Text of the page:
That link gave me some encouragement too. Playing a game on an app (which I do), will make you feel better. I’m not going to berate myself when I do that. I didn’t realize I was managing my pain this way.
First of all, I find this particular activity a real challenge, because it hurts me to walk. But I don’t feel I have much choice. I am in pain one way or another.
The same endorphins are released when you exercise, as when you do deep breathing. This makes you feel calmer and relaxed and may also work at minimizing the pain.
If you can get your heart rate increased, all the better. I have read that brisk walking is just as good as running for your heart. And there are other benefits, like lower blood pressure, and better sleep.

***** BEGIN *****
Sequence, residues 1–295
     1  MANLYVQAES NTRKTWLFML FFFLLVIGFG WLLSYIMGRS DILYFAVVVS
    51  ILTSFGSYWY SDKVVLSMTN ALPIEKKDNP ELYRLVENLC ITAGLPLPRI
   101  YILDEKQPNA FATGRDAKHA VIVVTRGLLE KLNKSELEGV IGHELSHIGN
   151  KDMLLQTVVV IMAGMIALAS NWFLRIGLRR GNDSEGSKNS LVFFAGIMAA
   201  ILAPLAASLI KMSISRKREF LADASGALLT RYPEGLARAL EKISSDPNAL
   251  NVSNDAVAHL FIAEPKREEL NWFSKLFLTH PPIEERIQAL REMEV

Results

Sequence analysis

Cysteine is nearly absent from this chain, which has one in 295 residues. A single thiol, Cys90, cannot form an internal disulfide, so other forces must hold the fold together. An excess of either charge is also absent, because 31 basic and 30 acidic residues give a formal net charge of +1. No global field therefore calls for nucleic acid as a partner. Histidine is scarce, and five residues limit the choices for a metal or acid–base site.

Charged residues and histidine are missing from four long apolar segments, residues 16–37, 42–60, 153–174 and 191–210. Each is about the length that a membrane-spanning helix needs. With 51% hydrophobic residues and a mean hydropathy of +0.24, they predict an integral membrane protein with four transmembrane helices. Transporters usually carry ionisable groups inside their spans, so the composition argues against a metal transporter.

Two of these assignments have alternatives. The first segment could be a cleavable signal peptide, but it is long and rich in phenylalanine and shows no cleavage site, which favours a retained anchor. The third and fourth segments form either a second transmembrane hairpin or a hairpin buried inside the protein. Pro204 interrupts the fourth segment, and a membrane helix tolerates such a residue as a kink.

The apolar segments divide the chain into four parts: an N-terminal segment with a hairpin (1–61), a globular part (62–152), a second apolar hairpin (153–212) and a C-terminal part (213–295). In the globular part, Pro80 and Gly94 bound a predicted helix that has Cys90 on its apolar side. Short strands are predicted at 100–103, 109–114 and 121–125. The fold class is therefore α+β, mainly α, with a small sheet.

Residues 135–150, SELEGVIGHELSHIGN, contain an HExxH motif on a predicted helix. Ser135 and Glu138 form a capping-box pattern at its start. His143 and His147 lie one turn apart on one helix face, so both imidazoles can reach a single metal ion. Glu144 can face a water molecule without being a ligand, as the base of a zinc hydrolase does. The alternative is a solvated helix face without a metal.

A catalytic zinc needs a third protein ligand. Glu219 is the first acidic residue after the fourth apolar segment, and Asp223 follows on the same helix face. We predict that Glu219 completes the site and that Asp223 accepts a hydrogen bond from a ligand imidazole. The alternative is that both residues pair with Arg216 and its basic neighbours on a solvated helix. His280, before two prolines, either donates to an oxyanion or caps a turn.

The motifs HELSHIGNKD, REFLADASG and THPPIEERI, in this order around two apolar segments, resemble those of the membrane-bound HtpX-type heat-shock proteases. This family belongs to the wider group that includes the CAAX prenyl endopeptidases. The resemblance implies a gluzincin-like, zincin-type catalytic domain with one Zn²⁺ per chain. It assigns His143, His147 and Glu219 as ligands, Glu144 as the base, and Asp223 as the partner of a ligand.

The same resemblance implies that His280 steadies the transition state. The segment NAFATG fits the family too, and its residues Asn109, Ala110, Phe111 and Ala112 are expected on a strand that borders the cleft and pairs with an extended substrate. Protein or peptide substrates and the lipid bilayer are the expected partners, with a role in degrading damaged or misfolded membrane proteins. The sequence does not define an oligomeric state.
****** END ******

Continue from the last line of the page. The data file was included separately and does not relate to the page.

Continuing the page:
I wasn’t able to find much research to back up these claims, but some articles claim that singing can make you feel better for probably two reasons. The first is that you are focusing on an activity, and therefore distracting the brain from the pain.
The second reason is that like walking or deep breathing, you are releasing more feel good hormones into your bloodstream. Think about it; you have to do some deep breathing to sing in the first place. And then combining that with the distraction, you have a one two punch to the pain.
I can testify that when I sang in church choirs, I always felt better afterwards. I didn’t realize until now that the reason was all those endorphins swimming in my system. Find some music you can sing along with and belt out a few songs!
I’ve been singing to some Barbershop tunes while I write. I love the harmony. Listening to uplifting music is also just that; uplifting. Here’s an example of one I really enjoy.
I am a person that loves to go for a massage. But it is something I can’t always afford. I have had positive and negative experiences from massage; but mostly positive, thankfully.
There doesn’t seem to be research supporting the positive effects of massage as far as pain management is concerned. But there is proof that the massage of our muscles does relax the muscle and surrounding tissue.